• America’s Small Business Development Centers is another source for expert business advisors. There is likely an SBDC near you to help with all aspects of starting and growing your business – for free.
  • Another good resource is the Women’s Business Centers.
  • You’ll also find helpful resources at the state and local level.

Starting Your Business During a Recession

What you need to start your business can be broken into four broad categories: financial, human, educational, and physical resources. Fortunately, all of these are available to you and the websites above are great places to start. Here are some guidelines to keep in mind.

Financial resources are typically needed early in the startup process to register a business name, or create your website. Getting started really isn’t very daunting. As you get up and running, you’ll have other costs depending on your new business. You may need funding for this from yourself, friends, or a bank loan. SBA loans are the place to start if you need to borrow but don’t overlook the many grants available from private and public sources for entrepreneurs of all demographics and personal situations. It’s also worth considering a participant loan from your Solo 401k, where the interest and principle go right back into your retirement plan.

Human resources don’t need to be a major concern if you are starting small. Most startups only employ the owner during the early stages. If you are interested in taking advantage of a powerful Solo 401k retirement account, you want to keep in mind that a Solo 401k limits the number of employees you can have. Your alternative is contracting for services such as accounting, marketing, and other skills that you might need.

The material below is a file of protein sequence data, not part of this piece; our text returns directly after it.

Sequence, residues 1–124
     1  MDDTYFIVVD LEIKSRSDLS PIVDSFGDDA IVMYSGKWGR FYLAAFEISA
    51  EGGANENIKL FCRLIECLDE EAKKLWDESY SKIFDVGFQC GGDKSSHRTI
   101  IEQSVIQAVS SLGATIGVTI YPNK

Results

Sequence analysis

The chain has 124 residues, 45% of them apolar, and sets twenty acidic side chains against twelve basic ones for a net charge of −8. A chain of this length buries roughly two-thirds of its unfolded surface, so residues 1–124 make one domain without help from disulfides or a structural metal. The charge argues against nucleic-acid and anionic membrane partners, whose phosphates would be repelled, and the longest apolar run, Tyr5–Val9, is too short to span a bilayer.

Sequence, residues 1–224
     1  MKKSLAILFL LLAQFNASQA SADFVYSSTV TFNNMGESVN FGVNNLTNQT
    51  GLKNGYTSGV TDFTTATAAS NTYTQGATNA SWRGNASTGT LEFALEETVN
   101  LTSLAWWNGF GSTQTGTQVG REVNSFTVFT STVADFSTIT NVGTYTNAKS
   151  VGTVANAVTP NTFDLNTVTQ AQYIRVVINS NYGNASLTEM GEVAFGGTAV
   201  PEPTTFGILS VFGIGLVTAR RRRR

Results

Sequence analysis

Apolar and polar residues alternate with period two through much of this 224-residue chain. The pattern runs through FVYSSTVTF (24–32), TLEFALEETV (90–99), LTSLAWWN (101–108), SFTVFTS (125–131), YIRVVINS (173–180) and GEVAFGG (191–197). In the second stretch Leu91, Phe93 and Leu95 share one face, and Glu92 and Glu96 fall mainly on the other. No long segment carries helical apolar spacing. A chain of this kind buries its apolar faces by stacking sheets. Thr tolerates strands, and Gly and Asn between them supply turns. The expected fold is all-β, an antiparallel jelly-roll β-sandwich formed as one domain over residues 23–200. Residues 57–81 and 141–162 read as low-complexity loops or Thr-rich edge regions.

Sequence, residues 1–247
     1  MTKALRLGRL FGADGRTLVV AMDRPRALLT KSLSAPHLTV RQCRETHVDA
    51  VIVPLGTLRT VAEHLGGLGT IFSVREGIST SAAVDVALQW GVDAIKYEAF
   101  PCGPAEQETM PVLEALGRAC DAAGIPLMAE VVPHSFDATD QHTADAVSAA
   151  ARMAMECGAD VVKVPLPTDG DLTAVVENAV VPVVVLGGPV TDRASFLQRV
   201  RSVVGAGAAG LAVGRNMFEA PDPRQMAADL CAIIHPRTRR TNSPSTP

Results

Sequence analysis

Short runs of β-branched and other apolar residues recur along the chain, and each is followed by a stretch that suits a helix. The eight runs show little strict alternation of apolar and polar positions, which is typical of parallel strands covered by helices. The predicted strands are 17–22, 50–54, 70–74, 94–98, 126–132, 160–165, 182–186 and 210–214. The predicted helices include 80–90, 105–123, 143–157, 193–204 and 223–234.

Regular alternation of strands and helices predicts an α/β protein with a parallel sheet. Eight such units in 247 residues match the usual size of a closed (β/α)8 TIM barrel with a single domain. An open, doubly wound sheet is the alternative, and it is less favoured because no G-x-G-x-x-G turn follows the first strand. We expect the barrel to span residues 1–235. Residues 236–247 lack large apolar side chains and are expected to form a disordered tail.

Educational resources include trade associations geared toward your industry, local chamber of commerce, as well as the Small Business Administration. A good place to start is by understanding the competition and gaining an in-depth knowledge of your industry.

More Resources for Your Small Business

Physical resources include office equipment and a telephone line. If you don’t require retail space, consider starting as a small home business. This usually requires some dedicated workspace away from distractions in your home. A spare bedroom, den, or garage space for a desk usually fits the need. Remember, some really big companies started in the owner’s garage. As a startup entrepreneur, it’s smart to realistically assess your needs before making any purchases.

Starting your own business can be time-consuming. The biggest upside to the current economic situation could well be having the time to start the business that you always wanted. No matter what else happens, anyone that becomes an entrepreneur is going to have a leg up on the competition going forward.

Starting your own business has more upside than risk. It will almost certainly gain you some cash flow during the recession and it will add a whole lot of new experiences to you résumé. It’s also an incredible way to build character. If you do eventually decide to return to a corporate job, you can always keep your business running on the side. A side business enables you to continue making contributions and growing the best retirement fund available to you – Solo 401k.

Have questions about growing your retirement account? The 401k experts at Nabers Group will help you get your retirement funds into your control, where they belong.